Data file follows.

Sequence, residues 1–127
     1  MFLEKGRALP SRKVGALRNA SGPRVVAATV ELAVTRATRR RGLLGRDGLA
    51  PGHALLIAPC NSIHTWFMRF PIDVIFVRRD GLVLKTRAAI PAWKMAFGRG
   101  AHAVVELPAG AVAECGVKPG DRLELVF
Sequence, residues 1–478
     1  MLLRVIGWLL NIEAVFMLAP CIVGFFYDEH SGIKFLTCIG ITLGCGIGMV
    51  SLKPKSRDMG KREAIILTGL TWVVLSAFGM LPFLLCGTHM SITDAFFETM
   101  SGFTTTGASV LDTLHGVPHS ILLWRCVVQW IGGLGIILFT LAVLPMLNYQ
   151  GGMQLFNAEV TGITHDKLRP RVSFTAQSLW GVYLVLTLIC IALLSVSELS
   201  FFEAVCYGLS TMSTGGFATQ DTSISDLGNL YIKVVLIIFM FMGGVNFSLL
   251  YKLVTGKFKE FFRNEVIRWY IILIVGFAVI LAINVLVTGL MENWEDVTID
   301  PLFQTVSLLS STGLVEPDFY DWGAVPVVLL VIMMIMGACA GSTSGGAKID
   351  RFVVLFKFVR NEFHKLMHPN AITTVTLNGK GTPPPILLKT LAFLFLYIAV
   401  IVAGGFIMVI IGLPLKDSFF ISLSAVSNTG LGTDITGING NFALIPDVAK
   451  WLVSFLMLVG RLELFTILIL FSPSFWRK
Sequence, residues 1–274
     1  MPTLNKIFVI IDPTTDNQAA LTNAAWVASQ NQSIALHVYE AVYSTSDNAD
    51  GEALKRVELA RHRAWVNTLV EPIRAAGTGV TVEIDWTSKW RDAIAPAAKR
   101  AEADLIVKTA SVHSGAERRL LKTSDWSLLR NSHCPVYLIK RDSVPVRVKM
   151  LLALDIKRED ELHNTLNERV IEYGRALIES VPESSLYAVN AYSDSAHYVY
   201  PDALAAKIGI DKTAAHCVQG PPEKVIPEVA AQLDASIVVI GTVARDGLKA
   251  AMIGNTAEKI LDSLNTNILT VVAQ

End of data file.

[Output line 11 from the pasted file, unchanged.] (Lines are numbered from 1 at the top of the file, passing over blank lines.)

   251  YKLVTGKFKE FFRNEVIRWY IILIVGFAVI LAINVLVTGL MENWEDVTID